There are very few times throughout the life of this blog that I believed I was breaking new ground or introducing an idea that was not already well covered in the culinary world. While there are certainly a few very specific recipes that I’m especially proud of (my Koreuben stands out), I’m more determined to generally show you all how easy it is to create and make tasty meals without becoming confused or overwhelmed. Granted, I’m not always successful, but I’m going to keep trying.
This is another of those non-revolutionary posts. I realize that I’m not going to be able to tell you anything brand new, or maybe even anything that you don’t already know, about smash burgers. There are scores of articles, posts and videos available that will explain the history, introduce you to different styles, and walk you through cooking techniques. My goal is simply to show you how simple it is to cook these tasty burgers, and encourage you to try them out on your own!
That’s pretty much it.
If you’re looking for something new to try out, or you just need something for your menu this weekend, I’d recommend smashing some burgers.
Stuff you’ll need:
- The ingredients below (obviously)
- A pan or griddle that you can get VERY hot (I’d recommend something cast iron)
- Here’s the one I use – This Lodge Griddle
- A good spatula (make sure it’s metal if you’re using a cast iron pan)
- I use this spatula
- Something to smash with (you can use the spatula, but it tends to get HOT)
- There are special tools you can get (like a grill press) but a sauce pan will do the trick too
- HINT: I cover the bottom of my sauce pan in aluminum foil (one less thing to clean)
- 1 lb of high fat content burger meat (like 80-20) – divided into 6 equal pieces
- salt and pepper
- American cheese
- Shredded lettuce
- My smash burger fancy sauce
How to do it:
- Choose your heat source, and set your cooking surface over high heat. Let it get – like I said before – SCREAMING hot
- Divide the meat and make little meatballs.
- There are a few schools of thought here. If you want a quarter pounder, you need to form either 4oz balls (for a single) or 2 oz balls (for a double). I’ve found that the 4 oz patties are too big, both for my griddle and for an average burger bun. The 2 oz method is more of a standard smash burger, fit on the bun really well, and are easy to handle. 2 oz burgers are a good place to start (that means 8 balls per lb. of meat)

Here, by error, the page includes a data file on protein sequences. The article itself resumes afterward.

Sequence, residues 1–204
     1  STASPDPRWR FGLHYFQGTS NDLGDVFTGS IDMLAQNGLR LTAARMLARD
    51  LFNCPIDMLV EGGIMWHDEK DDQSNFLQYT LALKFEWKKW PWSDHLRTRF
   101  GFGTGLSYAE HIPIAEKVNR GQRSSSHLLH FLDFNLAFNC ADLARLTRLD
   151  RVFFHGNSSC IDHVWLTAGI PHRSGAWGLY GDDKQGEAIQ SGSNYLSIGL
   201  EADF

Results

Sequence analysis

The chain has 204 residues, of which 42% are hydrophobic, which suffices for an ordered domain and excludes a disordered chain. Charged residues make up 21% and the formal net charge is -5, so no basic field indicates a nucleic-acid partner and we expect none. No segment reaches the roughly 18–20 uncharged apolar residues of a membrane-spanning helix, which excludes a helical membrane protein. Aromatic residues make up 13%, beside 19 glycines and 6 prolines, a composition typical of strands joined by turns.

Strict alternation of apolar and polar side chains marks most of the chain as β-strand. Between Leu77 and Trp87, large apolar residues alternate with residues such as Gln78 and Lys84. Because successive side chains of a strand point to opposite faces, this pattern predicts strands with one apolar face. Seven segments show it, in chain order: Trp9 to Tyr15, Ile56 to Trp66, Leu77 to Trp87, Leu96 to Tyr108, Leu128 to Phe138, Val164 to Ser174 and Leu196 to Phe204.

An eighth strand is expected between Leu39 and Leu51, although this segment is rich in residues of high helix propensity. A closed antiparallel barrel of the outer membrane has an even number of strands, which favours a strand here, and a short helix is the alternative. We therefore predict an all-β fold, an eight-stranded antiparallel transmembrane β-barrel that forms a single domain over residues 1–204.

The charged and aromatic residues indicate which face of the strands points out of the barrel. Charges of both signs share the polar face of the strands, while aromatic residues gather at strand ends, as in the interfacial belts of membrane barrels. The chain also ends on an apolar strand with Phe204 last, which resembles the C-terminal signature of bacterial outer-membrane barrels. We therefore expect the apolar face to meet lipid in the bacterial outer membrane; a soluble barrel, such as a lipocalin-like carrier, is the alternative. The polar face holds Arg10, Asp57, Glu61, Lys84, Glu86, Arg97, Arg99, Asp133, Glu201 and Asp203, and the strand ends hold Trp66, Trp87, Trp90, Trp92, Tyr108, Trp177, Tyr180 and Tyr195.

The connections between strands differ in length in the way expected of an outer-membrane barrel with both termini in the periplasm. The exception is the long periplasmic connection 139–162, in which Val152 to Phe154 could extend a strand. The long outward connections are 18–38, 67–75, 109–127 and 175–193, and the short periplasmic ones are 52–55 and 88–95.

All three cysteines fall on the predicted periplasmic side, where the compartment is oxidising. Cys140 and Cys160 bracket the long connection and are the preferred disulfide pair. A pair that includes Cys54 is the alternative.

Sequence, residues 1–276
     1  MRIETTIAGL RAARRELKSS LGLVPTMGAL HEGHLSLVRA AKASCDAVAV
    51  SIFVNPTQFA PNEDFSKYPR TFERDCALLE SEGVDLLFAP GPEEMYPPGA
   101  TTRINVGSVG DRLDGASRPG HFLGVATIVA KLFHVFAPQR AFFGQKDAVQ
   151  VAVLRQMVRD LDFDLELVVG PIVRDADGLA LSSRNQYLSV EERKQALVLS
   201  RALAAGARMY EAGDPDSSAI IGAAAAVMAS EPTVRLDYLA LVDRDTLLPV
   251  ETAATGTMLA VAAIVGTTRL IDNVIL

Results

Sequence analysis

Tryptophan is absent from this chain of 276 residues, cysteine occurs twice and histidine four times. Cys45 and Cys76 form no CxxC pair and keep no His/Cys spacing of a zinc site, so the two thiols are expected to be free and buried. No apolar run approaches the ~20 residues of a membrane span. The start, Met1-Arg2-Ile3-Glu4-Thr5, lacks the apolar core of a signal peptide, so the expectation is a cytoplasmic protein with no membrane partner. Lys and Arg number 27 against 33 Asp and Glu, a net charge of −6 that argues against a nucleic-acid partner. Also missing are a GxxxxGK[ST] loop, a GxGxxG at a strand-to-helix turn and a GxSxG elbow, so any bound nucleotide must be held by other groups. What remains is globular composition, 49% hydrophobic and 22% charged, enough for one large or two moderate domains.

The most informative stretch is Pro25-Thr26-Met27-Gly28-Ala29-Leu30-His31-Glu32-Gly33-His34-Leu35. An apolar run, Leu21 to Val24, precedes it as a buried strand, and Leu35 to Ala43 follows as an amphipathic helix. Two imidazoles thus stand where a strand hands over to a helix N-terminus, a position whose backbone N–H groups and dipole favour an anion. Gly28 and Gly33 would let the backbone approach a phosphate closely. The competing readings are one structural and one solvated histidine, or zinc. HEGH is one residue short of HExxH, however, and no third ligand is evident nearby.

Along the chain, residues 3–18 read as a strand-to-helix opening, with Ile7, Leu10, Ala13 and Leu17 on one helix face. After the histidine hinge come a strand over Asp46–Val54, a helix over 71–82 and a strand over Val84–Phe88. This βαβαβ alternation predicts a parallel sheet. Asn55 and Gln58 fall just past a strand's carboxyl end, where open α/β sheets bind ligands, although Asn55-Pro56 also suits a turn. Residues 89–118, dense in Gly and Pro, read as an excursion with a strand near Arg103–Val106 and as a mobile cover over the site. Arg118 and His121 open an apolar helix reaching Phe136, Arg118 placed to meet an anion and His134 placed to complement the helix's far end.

- Here’s the thing though, based on my experimentation so far, I’ve found that it’s best to divide the pound of burger into 6 equal pieces. This is easy to do if you get one of those bricks of beef (such an appealing image, right?) and use a large knife to slice it up equally. With this method you get pieces that are roughly 2.6 oz, and fit perfectly on a standard burger bun, with just a LITTLE bit of that camera-ready overflow that we know and love.
- A note on seasoning: I like some salt and pepper on the burger. I’ve tried it both pre-seasoned, and by seasoning after the burger is on the griddle (which is the normally-recommended method). I like the pre-seasoned route, but I’d recommend that you try both out for yourself, and see what you like better. Worst case scenario, you have to eat more burgers. *sarcastic* OH NOOOO!!!
- When the pan or griddle is hot – remember; HOT – it’s time to cook. You can apply a little bit of oil if you like, but it’s not necessary, since the fat in the burger meat provides more than enough grease for the pan.
- Drop the balls of burger onto the hot surface, if they’re pre-seasoned, then it’s time to smash. If you have not yet seasoned them, give each ball a good dusting of salt and pepper.
- Smash the burgers into the grill with your smasher of choice. Press down hard and get them nice and flat. Note that the smash-surface (be it a spatula, pan or other tool) will tend to stick to the meat when you press down. That means if you try to pick it straight up, the burger will stick to the surface, and tear your burger apart. That’s why you have to practice the ‘smash and slide’: smush the burger down, and then gently slide off to the side. If you practice, you can even give the edge of the patty an extra little squish to flatten it out and let it ‘feather’ as it cooks.
- Cook the smashed patties for 2 minutes on the first side. Then scrape them off the grill with your sharp spatula. I do mean scrape, the hot griddle and the fatty burger should produce a nice, crispy caramelization, which means that your burger is going to stick. That’s a good thing. Scrape them and flip them.
- Give your flipped patties a little smash to make sure as many parts of the patty are in contact with the hot griddle as possible, then add your cheese.
- Cook them on side 2 for two minutes, and then remove them from the cooking surface.
- Build your burger with your preferred toppings: bun, fancy sauce, shredded lettuce, etc.
- Revel in the deliciousness.